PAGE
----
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colonia

Ἦθος ἀνθρώπῳ δαίμων -> A man's character is his fate
Heraclitus, fr. B 119 Diels

Latin > English (Lewis & Short)

cŏlōnĭa: ae, f. colonus.
I (Acc. to colonus, I.) A possession in land, a landed estate, a farm, Col. 11, 1, 23; Dig. 19, 2, 24, § 4; 33, 7, 20.—
   B An abode, dwelling in gen. (cf. 1. colo, I. B.), Plaut. Aul. 3, 6, 40; and humorously: molarum, for a mill, id. Ps. 4, 6, 38.—Far more freq.,
II (Acc. to colonus, II.) A colony, colonial town, settlement: colonia dicta est a colendo: est autem pars civium aut sociorum, missa ubi rem publicam habeant ex consensu suae civitatis aut publico ejus populi unde profecti sunt consilio. Hae autem coloniae sunt. quae ex consensu publico, non ex secessione sunt conditae, Serv. ad Verg. A. 1, 12: in coloniam aliquos emittere, Varr. R. R. 3, 16, 29: in colonias mittere, Liv. 4, 49, 14: coloniam collocare idoneis in locis, Cic. Agr. 2, 27, 73: condere, Vell. 1, 15, 1.—Also freq.,
   B Meton. for the persons sent for the establishment of such a town, a colony, colonists, planters; hence: coloniam deducere aliquo, Cic. Rep. 2, 4, 9: veteranorum, id. Phil. 2, 39, 100; 2, 40, 102; id. Agr. 1, 5, 16; 2, 27, 73; 2, 34, 92; id. Brut. 20, 79; Liv. 9, 28, 7; 9, 46, 3; 10, 1, 1; 39, 55, 5 (bis) and 9; Vell. 1, 14; Suet. Tib. 4; id. Ner. 9 al.: mittere in Aeoliam, Ioniam, etc., Cic. Div. 1, 1, 3: Antium, Liv. 8, 14, 8; cf. on the Roman colonies, their laws and regulations, Nieb. Röm. Gesch. 2, p. 49 sq.; Madv. Opusc. Ac. p. 208 sq.; and Dict. of Antiq. —
   C Transf., of colonies of bees, Varr. R. R. 3, 16, 9 and 29.

Latin > French (Gaffiot)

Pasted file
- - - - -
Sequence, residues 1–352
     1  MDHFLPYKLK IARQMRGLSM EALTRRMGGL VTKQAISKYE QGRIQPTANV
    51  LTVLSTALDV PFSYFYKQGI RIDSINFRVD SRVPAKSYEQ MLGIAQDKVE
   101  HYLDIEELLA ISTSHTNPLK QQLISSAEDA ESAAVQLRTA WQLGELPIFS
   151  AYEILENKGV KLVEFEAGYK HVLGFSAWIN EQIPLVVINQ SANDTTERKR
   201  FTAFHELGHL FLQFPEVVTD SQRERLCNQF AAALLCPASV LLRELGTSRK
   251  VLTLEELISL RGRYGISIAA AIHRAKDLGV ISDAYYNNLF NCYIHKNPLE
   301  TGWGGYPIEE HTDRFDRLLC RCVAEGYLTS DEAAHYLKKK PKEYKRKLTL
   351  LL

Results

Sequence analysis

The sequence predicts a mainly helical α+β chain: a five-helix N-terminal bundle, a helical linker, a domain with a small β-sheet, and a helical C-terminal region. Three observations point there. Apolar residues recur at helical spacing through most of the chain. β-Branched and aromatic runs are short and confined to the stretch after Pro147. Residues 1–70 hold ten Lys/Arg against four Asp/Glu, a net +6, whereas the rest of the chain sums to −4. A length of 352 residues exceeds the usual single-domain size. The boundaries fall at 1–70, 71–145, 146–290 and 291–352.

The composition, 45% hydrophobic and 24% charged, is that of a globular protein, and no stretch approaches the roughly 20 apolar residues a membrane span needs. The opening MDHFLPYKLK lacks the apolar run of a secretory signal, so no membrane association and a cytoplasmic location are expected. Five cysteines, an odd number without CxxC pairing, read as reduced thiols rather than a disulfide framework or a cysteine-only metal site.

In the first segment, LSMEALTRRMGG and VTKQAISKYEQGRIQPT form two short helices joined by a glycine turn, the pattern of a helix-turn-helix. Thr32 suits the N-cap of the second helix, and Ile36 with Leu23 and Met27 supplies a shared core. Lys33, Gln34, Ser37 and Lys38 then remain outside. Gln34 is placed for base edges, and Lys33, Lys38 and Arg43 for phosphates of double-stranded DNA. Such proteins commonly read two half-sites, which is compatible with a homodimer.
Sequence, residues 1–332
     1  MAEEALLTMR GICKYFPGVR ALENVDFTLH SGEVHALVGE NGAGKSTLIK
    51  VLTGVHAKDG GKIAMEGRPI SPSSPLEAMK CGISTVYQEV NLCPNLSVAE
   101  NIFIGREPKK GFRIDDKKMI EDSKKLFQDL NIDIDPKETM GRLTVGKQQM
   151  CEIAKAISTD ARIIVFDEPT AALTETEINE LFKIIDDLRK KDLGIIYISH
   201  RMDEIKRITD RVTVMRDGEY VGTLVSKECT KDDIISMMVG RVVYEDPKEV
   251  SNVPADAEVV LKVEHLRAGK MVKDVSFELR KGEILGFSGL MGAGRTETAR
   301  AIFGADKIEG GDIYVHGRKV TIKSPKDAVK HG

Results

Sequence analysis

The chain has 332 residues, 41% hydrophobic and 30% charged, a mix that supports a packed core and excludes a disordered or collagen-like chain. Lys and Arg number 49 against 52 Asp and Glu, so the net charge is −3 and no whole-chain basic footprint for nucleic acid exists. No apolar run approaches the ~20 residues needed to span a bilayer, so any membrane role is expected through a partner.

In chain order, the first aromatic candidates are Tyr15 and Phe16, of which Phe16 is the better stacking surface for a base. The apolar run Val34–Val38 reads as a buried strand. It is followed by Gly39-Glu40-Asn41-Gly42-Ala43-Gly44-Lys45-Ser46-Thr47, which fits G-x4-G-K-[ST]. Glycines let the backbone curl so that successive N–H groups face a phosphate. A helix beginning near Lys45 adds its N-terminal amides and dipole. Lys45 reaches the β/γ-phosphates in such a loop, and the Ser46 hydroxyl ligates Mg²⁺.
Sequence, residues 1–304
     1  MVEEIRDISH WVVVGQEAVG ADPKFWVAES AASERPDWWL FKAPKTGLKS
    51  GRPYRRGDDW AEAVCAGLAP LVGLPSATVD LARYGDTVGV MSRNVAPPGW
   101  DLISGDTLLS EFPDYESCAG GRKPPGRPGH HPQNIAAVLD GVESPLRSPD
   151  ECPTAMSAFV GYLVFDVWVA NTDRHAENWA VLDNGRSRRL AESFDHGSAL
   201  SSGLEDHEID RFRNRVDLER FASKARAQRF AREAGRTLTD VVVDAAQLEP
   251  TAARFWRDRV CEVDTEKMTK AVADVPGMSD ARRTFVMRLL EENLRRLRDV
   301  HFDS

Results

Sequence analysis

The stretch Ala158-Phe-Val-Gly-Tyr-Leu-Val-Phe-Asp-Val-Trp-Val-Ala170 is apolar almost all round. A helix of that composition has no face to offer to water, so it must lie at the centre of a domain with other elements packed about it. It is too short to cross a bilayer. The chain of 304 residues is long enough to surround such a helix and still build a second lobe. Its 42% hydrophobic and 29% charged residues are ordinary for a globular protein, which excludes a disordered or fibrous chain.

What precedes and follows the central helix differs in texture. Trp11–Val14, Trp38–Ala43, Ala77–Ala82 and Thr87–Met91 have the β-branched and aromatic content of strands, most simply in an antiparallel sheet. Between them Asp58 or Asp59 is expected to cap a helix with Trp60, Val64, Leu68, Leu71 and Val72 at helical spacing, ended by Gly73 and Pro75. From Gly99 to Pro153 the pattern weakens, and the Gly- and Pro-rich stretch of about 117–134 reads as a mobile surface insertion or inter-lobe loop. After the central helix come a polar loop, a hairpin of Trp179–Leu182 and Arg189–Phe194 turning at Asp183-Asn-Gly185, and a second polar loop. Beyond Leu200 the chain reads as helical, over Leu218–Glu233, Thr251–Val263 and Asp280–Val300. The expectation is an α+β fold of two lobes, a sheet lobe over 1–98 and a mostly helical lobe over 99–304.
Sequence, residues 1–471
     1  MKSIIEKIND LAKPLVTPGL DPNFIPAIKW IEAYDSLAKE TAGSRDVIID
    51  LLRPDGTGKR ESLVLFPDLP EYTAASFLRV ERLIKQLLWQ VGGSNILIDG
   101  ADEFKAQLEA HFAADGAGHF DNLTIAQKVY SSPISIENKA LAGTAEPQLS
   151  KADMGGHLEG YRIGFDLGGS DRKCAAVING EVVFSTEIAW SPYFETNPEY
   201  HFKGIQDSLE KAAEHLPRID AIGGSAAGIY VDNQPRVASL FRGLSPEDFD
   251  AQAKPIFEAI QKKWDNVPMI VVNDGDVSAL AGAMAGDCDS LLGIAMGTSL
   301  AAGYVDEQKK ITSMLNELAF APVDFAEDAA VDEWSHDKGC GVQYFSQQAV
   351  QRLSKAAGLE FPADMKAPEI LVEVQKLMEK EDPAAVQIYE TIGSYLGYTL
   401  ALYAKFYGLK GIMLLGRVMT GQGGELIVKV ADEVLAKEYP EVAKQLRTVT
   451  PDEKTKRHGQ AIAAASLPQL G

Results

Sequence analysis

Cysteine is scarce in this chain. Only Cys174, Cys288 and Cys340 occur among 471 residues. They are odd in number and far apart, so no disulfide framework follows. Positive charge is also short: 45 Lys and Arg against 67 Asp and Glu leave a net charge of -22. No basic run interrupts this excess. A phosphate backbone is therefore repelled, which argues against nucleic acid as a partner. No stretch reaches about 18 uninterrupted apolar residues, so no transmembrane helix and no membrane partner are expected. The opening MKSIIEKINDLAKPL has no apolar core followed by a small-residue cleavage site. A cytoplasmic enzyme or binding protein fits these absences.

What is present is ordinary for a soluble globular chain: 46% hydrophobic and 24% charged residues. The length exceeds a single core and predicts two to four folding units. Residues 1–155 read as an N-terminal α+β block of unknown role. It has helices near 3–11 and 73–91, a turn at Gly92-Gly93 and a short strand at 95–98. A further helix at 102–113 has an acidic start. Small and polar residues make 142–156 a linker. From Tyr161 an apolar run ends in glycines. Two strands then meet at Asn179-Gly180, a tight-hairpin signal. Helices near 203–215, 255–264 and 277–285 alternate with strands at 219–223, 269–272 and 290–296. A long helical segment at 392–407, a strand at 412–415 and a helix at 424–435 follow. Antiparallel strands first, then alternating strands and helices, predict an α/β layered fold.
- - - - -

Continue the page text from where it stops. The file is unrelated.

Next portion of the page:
cŏlōnĭa,⁸ æ, f. (colonus),
1 propriété rurale, terre : Col. Rust. 11, 1, 23
2 colonie : colonias collocare in locis idoneis Cic. Agr. 2, 73, établir des colonies dans des lieux propices ; in colonias mittere Liv. 4, 49, 14, envoyer en colonie [pour fonder des colonies] || les colons : coloniam mittere in locum aliquem Cic. Div. 1, 3, envoyer qq. part une colonie ; v. deduco || [fig.] séjour : Pl. Aul. 576.

Latin > German (Georges)

colōnia, ae, f. (colonus), I) die Länderei, die ein colonus zu bearbeiten hat, das Vorwerk, die Meierei, das Bauerngut, Pachtgut, die Pachtung, Col. 11, 1, 23. Paul. dig. 19, 2, 24. § 4: villae vel aliae coloniae, Ulp. dig. 43, 8, 2. § 23: aut villa aut colonia vicini pauperis, Ps. Augustin. serm. app. 75, 2. – II) ein angebauter u. neu bevölkerter Ort, die Ansiedelung, Pflanzstadt, der Pflanzort, die Tochterstadt, Niederlassung, Kolonie, A) eig.: constituere coloniam, Cic.: condere, ponere colonias, Vell.: colonos deducere in colonias, Cic.: dah. führen viele Städte den Namen Colonia, wie Colonia Agrippinensis, s. Agrippina a. E.: Colonia Aurelia, das heut. Nassenfels. – scherzh. Pseudolum facere ut det nomen ad Molas (Genet.) coloniam, daß er sich als Kolonist bei der Mühlengöttin einschreiben lassen muß (= daß er zur Strafe in die Mühle geschickt wird), Plaut. Pseud. 1100: ut inportem in coloniam (scherzh. = Wohnung) hunc meo auspicio conmeatum, Plaut. Epid. 343: post hoc quod habeo ut conmutet coloniam (scherzh. = Aufenthalt), Plaut. aul. 576. – B) meton., die Kolonie = die Ansiedler, Kolonisten, Pflanzer, coloniam mittere in locum, Cic.: coloniam deducere, Cic. – / arch. Genet. coloniai, Corp. inscr. Lat. 1, 1246 u. Dat. u. Abl. Plur. colonieis, Lex Iul. (Corp. inscr. Lat. 12, 592) 83. 142. 158. Auf Münzen auch quolonia, s. Hübner im Hermes 8, 238.

Spanish > Greek

ἀποικίς, ἀποικία, ἀπόστολος, ἔθνος

Latin > English

colonia coloniae N F :: colony/settlement or people thereof; colony of bees; land attached to farm
colonia colonia coloniae N F :: land possession; landed estate, farm; abode/dwelling; [~ Agrippina => Colonge]